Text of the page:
Our project was to create a new type of controller for a remote controlled helicopter. This new controller is in the shape of a hand paddle that a user can move around to control the movements of the helicopter.

We modified the existing controller for the helicopter and created our own interface for it to digitally control its movements. We modified the helicopter itself to send out infrared signals that allow the paddle to sense where it is in a 3-D space. We thought that toy helicopters were already a cool idea for kids to play with and thought that modifying the controller design to be one similar to the new human controlled controllers such as Kinect and the Wii remotes would be even more interesting to use. In addition to this, if the software logic was good enough to control the helicopter with precision then the helicopter would be easier to control with paddle than with a remote control joystick.


Our project concept started when we were viewing past year’s projects and came across the helicopter controlled with a glove. The creators of the project have been referenced in our appendix. We thought it was a really interesting idea to be able to control a helicopter with a different interface than the provided hand joystick controller. We thought that we could expand the concept and create an interactive experience similar to the Kinect or Wii remote. All that was left was the task of figuring out how to actually build the controller. This concept we got from the Digital Tachometer lab, which was using LEDs and phototransistors as our sensors. After that, we started building the Automated Paddle-Controlled Helicopter!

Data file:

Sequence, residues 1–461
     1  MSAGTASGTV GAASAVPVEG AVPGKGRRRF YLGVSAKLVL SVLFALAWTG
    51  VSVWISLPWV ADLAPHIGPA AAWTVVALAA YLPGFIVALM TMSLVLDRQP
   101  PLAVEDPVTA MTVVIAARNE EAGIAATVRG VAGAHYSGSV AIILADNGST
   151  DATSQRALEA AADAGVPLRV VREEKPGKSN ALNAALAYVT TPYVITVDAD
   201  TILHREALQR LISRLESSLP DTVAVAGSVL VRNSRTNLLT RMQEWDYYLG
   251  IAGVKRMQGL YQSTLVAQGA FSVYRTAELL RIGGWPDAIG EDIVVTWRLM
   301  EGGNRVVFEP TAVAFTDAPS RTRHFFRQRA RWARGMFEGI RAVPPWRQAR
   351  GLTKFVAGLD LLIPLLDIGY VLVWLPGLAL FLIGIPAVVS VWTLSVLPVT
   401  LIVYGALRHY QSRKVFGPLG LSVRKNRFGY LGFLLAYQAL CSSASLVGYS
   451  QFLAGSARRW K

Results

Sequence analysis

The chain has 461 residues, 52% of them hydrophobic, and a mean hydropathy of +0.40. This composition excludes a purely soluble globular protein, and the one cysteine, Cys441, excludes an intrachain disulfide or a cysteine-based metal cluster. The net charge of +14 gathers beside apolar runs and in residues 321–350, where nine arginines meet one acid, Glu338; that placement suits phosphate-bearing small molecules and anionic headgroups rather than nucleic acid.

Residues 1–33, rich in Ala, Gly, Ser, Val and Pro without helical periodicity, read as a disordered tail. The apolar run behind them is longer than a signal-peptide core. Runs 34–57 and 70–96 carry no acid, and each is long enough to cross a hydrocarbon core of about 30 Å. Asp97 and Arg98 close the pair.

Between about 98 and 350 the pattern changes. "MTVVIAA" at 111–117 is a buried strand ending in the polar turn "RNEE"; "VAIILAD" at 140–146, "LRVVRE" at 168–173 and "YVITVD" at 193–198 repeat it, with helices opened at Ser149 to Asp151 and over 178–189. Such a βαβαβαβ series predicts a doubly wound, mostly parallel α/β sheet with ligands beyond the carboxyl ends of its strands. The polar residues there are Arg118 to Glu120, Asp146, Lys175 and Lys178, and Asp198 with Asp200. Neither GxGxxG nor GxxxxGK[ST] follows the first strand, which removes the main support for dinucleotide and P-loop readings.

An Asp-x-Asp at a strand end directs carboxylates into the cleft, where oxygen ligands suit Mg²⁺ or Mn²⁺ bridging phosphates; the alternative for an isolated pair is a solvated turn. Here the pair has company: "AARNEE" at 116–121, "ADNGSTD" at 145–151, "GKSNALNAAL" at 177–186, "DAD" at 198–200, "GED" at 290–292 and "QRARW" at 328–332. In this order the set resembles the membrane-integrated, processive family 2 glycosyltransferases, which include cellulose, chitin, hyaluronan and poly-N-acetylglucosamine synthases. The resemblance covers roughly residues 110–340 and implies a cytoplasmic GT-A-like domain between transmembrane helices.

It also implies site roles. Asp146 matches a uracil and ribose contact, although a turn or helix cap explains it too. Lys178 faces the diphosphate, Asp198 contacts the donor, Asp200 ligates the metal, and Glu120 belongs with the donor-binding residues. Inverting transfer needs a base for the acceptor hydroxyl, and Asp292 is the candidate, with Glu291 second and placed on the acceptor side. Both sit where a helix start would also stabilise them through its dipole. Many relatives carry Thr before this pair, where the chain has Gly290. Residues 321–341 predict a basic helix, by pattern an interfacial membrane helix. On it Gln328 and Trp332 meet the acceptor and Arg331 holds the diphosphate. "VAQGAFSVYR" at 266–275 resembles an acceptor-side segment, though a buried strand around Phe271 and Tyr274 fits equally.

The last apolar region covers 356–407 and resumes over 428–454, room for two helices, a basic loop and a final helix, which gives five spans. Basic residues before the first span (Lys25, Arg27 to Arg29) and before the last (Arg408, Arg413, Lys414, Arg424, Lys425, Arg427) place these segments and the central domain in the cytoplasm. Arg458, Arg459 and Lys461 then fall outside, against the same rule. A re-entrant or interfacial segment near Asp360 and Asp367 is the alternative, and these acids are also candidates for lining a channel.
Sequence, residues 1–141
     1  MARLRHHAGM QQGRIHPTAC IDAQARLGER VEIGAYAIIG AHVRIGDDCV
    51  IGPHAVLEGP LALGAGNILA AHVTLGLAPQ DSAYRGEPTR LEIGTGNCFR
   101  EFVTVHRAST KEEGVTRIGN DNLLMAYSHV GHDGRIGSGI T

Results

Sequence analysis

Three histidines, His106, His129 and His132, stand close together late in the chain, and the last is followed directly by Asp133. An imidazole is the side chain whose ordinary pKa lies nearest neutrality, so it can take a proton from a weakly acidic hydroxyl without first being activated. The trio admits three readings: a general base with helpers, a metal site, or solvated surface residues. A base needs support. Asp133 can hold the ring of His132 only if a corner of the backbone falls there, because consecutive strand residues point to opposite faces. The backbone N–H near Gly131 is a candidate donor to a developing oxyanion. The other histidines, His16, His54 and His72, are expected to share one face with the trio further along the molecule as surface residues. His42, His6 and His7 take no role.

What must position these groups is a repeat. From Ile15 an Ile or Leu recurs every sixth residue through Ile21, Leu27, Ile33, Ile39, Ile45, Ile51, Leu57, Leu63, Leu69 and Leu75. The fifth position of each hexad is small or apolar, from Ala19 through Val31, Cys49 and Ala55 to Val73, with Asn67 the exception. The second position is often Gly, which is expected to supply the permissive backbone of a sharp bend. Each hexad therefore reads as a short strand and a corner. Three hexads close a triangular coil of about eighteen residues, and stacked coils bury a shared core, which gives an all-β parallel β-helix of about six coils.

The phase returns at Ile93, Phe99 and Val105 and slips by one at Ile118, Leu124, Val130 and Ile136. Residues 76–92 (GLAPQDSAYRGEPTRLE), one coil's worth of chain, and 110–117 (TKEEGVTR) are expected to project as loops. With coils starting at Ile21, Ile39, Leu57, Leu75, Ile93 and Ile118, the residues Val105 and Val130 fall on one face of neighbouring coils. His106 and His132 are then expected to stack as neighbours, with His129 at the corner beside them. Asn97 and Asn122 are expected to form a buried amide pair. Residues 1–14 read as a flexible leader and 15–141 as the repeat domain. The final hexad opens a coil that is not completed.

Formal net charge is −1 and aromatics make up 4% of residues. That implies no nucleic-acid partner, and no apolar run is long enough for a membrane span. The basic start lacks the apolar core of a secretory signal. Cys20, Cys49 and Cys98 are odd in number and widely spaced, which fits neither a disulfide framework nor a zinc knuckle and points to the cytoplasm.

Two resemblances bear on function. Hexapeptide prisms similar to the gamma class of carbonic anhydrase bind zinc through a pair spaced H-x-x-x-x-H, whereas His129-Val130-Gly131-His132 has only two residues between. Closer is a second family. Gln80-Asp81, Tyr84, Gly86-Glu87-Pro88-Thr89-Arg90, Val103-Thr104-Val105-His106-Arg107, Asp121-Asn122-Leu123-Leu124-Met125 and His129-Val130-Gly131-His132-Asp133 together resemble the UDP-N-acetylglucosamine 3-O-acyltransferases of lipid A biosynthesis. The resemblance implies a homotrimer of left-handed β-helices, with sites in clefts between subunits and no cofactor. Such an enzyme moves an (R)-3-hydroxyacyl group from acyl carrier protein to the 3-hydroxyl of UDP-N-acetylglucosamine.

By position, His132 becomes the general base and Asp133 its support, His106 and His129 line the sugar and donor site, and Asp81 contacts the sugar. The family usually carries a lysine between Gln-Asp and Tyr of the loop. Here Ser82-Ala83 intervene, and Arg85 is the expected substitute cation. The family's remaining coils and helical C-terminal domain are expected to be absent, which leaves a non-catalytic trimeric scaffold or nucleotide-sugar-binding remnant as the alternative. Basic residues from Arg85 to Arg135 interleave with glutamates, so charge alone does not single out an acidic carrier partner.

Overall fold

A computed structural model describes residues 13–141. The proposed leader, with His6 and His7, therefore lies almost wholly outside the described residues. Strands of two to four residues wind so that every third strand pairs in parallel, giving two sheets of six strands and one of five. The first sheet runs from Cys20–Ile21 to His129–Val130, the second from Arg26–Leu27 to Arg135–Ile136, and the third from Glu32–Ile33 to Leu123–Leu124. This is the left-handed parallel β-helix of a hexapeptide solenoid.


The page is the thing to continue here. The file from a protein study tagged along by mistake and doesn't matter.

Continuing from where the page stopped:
Background Math

Time Constant for Horizontal PWM Control:

Time Constant for Vertical PWM Control:

Hardware/Software Tradeoffs

The only main tradeoff we faced was the responsiveness of the control versus the stability of the helicopter flight. If the helicopter was to correct itself instantly at high speeds, there was a fair chance that it would exceed the range of the paddle and start flying blind. If we made the speed and accuracy of the correction algorithm very slow, then the responsiveness would suffer and the helicopter may not be controlled very well. We decided to pick a range of speeds that maximized both qualities of our design.